-----------------------------------------------

    Back on topic now.

    The hospitals are doing this because of liability issues. If the doc thinks you're having a heart attack and you insist that it is just indigestion who is your family going to sue if you walk out and die?

    I don't blame the docs or the insurance companies for this one.
     
  9. Gina B

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    When you don't have a doctor and your child has an ear infection or is running a fever of 105, you go to the ER. It's your only choice, apart from not getting your child treated. Since state patients are seen last, even if you're standing there bleeding and the person in front of you,who has insurance or is paying cash, only stubbed their toe, you're seen after them.
    But...even if it's not an emergency, if you live where I lived and your child needed a doctor while you were on a medical card, you went to the ER. Even those that had doctors usually ended up using the ER, because medicaid appts were the lowest priority, so if your child was ill and needed care, the probability of getting in within a couple days was very low. That doesn't work if your child has a bleeding wound, a high fever, a uti, whatever it is that isn't an immediate emergency but will be without care.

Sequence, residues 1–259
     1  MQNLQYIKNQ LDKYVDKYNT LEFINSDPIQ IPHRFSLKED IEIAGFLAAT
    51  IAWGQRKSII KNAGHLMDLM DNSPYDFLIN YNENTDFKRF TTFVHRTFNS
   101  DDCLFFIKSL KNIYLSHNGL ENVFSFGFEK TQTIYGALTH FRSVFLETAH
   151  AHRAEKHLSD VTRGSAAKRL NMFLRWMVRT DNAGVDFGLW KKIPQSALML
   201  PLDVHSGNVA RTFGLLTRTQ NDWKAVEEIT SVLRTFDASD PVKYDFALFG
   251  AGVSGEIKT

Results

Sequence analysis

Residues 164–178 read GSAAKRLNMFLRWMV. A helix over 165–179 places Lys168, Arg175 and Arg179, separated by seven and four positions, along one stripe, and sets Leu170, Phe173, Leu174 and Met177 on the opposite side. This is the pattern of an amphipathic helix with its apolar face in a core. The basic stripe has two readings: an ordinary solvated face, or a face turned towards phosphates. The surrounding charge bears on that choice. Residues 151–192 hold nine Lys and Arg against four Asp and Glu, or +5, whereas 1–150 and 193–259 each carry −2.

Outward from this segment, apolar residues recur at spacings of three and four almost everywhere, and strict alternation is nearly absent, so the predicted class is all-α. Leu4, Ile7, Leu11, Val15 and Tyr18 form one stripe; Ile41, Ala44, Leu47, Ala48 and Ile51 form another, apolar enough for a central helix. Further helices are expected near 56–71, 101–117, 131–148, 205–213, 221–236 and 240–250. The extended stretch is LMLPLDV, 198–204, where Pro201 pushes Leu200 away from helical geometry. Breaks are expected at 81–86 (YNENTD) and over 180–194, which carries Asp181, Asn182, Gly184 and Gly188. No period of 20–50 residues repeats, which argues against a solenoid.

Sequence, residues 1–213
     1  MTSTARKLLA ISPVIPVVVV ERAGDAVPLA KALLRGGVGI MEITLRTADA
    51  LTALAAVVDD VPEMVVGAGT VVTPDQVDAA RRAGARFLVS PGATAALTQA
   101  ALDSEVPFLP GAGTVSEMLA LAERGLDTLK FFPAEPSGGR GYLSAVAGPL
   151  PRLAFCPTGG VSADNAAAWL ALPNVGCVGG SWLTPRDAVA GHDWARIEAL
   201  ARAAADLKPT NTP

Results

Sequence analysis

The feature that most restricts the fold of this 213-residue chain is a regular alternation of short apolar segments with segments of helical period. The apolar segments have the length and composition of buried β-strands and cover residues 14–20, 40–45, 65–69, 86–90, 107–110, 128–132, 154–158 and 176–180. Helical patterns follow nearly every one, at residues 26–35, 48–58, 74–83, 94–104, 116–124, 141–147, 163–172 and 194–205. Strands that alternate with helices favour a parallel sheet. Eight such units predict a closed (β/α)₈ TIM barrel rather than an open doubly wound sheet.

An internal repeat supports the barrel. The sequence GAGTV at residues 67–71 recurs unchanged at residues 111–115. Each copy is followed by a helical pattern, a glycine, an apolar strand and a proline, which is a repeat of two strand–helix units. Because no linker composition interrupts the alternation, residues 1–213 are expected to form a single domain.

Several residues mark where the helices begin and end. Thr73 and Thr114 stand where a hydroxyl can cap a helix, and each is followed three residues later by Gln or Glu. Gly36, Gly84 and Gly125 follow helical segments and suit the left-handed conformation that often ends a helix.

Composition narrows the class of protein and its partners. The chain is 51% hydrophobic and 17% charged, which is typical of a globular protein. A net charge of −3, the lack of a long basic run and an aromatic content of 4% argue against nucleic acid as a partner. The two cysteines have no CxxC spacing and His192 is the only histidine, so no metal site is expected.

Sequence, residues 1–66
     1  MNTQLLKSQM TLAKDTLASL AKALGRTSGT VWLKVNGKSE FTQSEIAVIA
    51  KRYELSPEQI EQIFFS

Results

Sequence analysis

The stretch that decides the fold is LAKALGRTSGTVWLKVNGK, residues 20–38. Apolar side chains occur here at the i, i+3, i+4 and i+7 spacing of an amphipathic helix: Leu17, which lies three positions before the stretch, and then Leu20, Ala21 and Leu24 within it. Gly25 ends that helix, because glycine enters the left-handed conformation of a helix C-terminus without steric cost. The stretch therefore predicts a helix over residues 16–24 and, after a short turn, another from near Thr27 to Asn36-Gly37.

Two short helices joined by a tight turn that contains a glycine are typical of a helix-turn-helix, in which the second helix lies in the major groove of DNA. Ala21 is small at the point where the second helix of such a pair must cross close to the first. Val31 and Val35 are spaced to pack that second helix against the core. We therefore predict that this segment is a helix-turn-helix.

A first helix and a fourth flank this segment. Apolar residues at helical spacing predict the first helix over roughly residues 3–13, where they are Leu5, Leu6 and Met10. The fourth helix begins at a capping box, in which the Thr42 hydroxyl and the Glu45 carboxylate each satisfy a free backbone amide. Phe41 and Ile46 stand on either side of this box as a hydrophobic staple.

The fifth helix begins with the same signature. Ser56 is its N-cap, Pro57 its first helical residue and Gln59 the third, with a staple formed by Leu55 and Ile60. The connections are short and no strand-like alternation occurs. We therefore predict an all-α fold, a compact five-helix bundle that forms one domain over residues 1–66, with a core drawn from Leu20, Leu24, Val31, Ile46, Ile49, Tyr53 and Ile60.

10. Paul of Eugene

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    We should have national medical insurance for everyone. As it is, we make the hospitals treat everybody anyway, and they are forced to make everybody who has insurance pay for those who don't. Its still socialized medicine, because nobody is turned away, and its financed by this effective "tax" on the wealthy sick.
     
  11. Johnv

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    Keep in mind that if you go to the ER and receive medical treatment, you're financially responsible for that treatment, regardless of whether or not you're admitted into the hospital, and regardless of whether you have insurance or not.
     
  12. Johnv

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    That doesn't mean you must take them to the ER. Seeing a private practicioner is what I do when my kids are sick for more than a few days.
     
  13. Helen